Editor’s note: This is the latest installment of the “Next Up” series, which profiles the signees from Florida’s 2016 class. SEC Country traveled around the South to visit the recruits before they reported to campus.
HOUSTON — The memory of his brother’s murder remains for Tyrie Cleveland, but he handles the pain differently.
Cleveland no longer bottles his emotions inside him. He pours them out on the gridiron.
“The best thing that ever happened to me was being able to play this game of football,” Cleveland said. “It saved my life.”
Born and raised in Jacksonville, Fla., Cleveland lived in an area that contributed to the city becoming Florida’s murder capital.
He was 13 when the wrath of that deadly violence hit home. An assailant murdered his older brother, Timmie Johnson, who died at 19 years old. Police made an arrest in the case, but charges were never filed.
“It was tough losing him, someone I was so close to. We talked every day,” Cleveland said. “To wake up one day and he’s not there, it was hard for me.
“Where I grew up, a lot of cruel and harsh things happened in my neighborhood. I’ve seen things I wouldn’t want any little kid to go through.”
The months that followed made it even worse on Cleveland. His mother, Tracy Colton, decided to relocate to Houston with Cleveland and his younger brother, wanting to get them away from Jacksonville. Cleveland left his hometown in the middle of his eighth-grade year.
“It was a tough move,” Cleveland said. “My whole family lives in Florida, so leaving them to start new was difficult. I resisted for a few days, but that didn’t work. I couldn’t argue about the situation. I had to go.”
Cleveland’s discomfort didn’t end there. His mother came to Houston as a way to cope with Johnson’s death, but it only drove her into depression. After a couple months, Colton returned to Jacksonville to grieve while her boys stayed with their aunt, Theresa Yancey.
“My sister thought Houston was somewhere she wanted to be,” Yancey said. “But once she got here and hadn’t really gotten over my nephew, it just really stuck with her emotionally. She wanted to go back, but they were in school and they were settled. We just thought the environment here would be better, and it would give my sister some time to deal with the loss of her son.”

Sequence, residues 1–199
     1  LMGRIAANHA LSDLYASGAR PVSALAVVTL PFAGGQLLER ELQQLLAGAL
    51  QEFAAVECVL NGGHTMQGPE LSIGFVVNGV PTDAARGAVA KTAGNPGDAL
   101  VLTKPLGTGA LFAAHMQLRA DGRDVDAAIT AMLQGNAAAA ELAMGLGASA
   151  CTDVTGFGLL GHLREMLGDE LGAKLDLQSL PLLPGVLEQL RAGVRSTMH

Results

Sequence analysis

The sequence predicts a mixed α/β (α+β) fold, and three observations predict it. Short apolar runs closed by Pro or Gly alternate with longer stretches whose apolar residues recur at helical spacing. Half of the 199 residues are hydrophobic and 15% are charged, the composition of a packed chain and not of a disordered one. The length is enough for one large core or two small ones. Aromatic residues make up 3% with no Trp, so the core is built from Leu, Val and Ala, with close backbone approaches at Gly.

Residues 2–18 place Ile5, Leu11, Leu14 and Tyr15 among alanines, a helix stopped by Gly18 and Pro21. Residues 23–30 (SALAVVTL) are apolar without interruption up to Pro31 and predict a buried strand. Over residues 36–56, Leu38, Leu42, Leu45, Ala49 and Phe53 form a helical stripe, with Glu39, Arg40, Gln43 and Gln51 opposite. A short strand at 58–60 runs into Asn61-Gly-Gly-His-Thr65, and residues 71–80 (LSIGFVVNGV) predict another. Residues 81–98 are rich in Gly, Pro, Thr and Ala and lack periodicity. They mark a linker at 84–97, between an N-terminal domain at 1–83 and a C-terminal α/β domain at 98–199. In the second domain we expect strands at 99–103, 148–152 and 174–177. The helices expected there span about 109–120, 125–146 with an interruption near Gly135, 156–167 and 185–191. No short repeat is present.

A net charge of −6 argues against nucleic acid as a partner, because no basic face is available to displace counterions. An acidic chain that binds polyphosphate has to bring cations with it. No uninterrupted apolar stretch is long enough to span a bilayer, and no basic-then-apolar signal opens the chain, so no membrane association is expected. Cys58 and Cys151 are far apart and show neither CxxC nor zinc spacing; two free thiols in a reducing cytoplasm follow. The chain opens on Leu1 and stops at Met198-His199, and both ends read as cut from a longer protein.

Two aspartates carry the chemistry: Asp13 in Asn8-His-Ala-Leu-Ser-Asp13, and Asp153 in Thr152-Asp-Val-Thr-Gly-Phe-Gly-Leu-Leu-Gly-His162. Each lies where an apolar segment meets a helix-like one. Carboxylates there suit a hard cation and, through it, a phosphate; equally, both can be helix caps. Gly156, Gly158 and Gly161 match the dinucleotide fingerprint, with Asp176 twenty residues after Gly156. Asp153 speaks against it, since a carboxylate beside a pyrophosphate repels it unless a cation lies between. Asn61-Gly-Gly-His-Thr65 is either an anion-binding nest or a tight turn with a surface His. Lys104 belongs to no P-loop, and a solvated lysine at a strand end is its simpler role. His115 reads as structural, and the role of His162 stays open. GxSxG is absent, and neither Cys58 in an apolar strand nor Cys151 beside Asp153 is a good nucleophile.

At the time, Cleveland couldn’t process what was happening. He was in a new state without the two family members who had been with him his entire life.
“He went into this shell,” Yancey said. “Naturally, he felt abandoned and that his mom didn’t love him. On top of that, he’s miles away from home and doesn’t know anybody. Texas was a culture shock for him. It was a big adjustment.”
Yancey said students initially picked on Cleveland for being from Florida. That changed once he laced up his cleats.
“When I got up here, I had to adapt,” Cleveland said. “I had to find where I fit in, and that was on the football field.”
Cleveland first began playing the sport when his mother signed him up for little league, and his older brother always encouraged him to stick with it.
“He’s one of the reasons I chose to play football, him and my mom,” Cleveland said. “He was living the wrong life and it eventually caught up with him. He told me to stay in my place, stay in sports, stay in school.
“He actually had a positive influence on me. He didn’t want to see me at places he hung out. Fortunately for me, I was able to escape.”
Once Cleveland latched onto high school football in Texas, his life finally took a turn for the better. He quickly moved up to the varsity team at Westfield High School and started receiving scholarship offers after his sophomore season.
“He had so much bottled up and just let it out when he got on the field. That’s how he expressed himself,” said Yancey, with whom Cleveland has lived the last four years. “He made sure what happened to his brother wouldn’t happen to him. It saddened him, but yet it pushed him to be the best he could be.
“That motivation will always stay with him. It’s one of those memories you don’t forget. The pain won’t ever go away, but he knows how to deal with his brother’s murder now that he’s matured. The memory of it propelled him to want to be successful.”
Cleveland also has built a better relationship with his mother, who still resides in Jacksonville. He now understands the decisions she made years ago, and they’ve been communicating more by phone.
The Under Armour All-American wide receiver wants to use his football career as a way to honor his family, something about which his aunt has advised him.
“He’s trying to make up for things that have happened,” Yancey said. “Leaving a legacy is wonderful, but sometimes we can become too busy trying to do things for others. He needs to do what he loves first and foremost, and I believe this is in his heart.
“Football will come and go, but we need to break these generational curses. We have relatives in prison. He knows his roots and where he comes from, so he wants our next generation to be college graduates and children with careers.”
Cleveland left Florida four years ago because of his brother’s murder. He’ll return to the Sunshine State this month to spend the next four years playing for the Gators.
“Something good came out of all this,” Cleveland said. “I know my brother would be proud of the decisions I’ve made. He got trapped in this box they call the streets, and he couldn’t get on the other side of the wall. That’s not where you want to be.
“I’m just thankful I climbed that wall and made it out.”
Zach Abolverdi is the Florida beat writer for SEC Country and The Atlanta Journal-Constitution. Follow @ZachAbolverdi